WebMD is a useful tool as a first line of defense when facing a health issue. If a patient has a headache or flu-like symptoms, for example, they can use the website to look up possible at-home treatments and over-the-counter medicines before making a trip to the doctor. If their symptoms don’t clear up on their own, though, patients need the input of a qualified medical professional.


Diet and Fitness Apps

  • Fitbit is a company that produces a smartwatch with personal fitness tracking properties. The Fitbit tracker measures the steps a person walked in a day, the quality of their sleep, their heart rate, and other health-related metrics, which customers can access via mobile app. The company was founded in 2007, and Fitbit has since improved upon its original model, releasing the Fitbit Charge 3 in October 2018, which is the first device to feature an oxygen saturation sensor. Expect even more sophisticated tracking metrics from the tech company in years to come.
  • Workout Apps Whatever your athletic goals, there’s a fitness app out there to help you meet them. From the Couch to 5K running app to Daily Yoga‘s over 400 poses, smartphone apps are a huge tool to help consumers stay active, especially if they can’t afford a gym membership or on days they don’t have time to get to the gym. One huge focus of wellness for millennials is preventative care, and staying fit is a huge boon to overall health, so these workout apps can be great resource. If you’re looking for the perfect fitness app, check out Men’s Health magazine‘s top fifteen smartphone apps for getting fit.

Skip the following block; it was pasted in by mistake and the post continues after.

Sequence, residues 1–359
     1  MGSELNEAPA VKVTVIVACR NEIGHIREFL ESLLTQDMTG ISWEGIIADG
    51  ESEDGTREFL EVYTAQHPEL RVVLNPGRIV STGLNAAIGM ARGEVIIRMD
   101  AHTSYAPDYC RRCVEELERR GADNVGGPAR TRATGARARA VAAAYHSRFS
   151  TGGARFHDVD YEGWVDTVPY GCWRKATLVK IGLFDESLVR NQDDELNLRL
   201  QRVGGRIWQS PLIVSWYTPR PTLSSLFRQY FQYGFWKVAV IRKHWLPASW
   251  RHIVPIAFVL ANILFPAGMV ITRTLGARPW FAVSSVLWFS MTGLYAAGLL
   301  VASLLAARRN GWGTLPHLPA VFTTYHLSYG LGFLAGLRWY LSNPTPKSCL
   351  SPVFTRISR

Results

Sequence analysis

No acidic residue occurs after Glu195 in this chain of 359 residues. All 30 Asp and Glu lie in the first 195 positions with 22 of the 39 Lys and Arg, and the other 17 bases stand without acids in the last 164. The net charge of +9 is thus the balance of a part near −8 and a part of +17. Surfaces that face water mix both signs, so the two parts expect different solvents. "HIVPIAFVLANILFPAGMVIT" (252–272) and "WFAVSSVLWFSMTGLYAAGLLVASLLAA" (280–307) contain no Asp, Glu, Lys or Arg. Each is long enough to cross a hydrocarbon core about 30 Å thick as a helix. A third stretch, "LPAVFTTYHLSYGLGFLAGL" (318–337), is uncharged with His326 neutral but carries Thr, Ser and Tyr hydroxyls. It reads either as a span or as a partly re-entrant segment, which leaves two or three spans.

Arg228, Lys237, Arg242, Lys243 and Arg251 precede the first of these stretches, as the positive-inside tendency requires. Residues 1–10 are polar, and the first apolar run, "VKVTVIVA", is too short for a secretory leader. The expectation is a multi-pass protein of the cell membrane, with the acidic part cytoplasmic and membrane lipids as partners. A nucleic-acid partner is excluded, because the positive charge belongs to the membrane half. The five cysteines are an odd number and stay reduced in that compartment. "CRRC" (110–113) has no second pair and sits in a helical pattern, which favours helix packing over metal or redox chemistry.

• Diabetes Management Apps For diabetes patients, blood sugar management apps can be a helpful tool to monitor their condition and keep their blood sugar at a healthy level. Glucose Buddy allows patients to log their blood glucose levels and offers reminders to check their blood and take medicine, and it works for people with both Type 1 and Type 2 diabetes. Other diabetes management apps include Sugar Sense ,mySugr, and Diabetes Connect. Many of these apps share common features, such as features for self-reporting blood sugar levels and tools to track food or medication intake.

Workout apps, diabetes management apps, and health trackers like the Fitbit are just a few examples of the wide variety of diet, fitness and health-related applications available to consumers. For people looking to track their diet, reduce calorie intake, or make sure they’re getting enough of a certain nutrient, calorie tracking and food tracking apps can be helpful. Meditation and mindfulness apps such as Calm and Headspace can help improve mental health. Whatever your health concern, odds are there’s technology available that was designed to help.

This boom in health-related tech tools has huge benefits for people with food allergies. While many of these technologies are in their early stages, they point to a future in which people with food allergies have sophisticated, wearable technology that helps them avoid their allergen both at home and in public, and assists them when a reaction takes place.

  • Aibi is a wearable for kids that helps detect if there is a risk of Anaphylaxis, informs a adult caregiver and then helps give the correct dose of Epinephrine to the child.